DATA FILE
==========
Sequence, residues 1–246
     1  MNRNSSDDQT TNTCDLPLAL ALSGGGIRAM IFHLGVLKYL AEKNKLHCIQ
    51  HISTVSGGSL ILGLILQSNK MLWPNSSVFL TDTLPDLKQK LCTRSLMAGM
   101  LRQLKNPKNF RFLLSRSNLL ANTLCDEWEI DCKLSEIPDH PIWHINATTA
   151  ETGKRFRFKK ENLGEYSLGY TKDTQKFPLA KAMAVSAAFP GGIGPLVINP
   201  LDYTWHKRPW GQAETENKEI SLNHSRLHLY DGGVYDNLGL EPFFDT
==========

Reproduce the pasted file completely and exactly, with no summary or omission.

Sequence, residues 1–246
     1  MNRNSSDDQT TNTCDLPLAL ALSGGGIRAM IFHLGVLKYL AEKNKLHCIQ
    51  HISTVSGGSL ILGLILQSNK MLWPNSSVFL TDTLPDLKQK LCTRSLMAGM
   101  LRQLKNPKNF RFLLSRSNLL ANTLCDEWEI DCKLSEIPDH PIWHINATTA
   151  ETGKRFRFKK ENLGEYSLGY TKDTQKFPLA KAMAVSAAFP GGIGPLVINP
   201  LDYTWHKRPW GQAETENKEI SLNHSRLHLY DGGVYDNLGL EPFFDT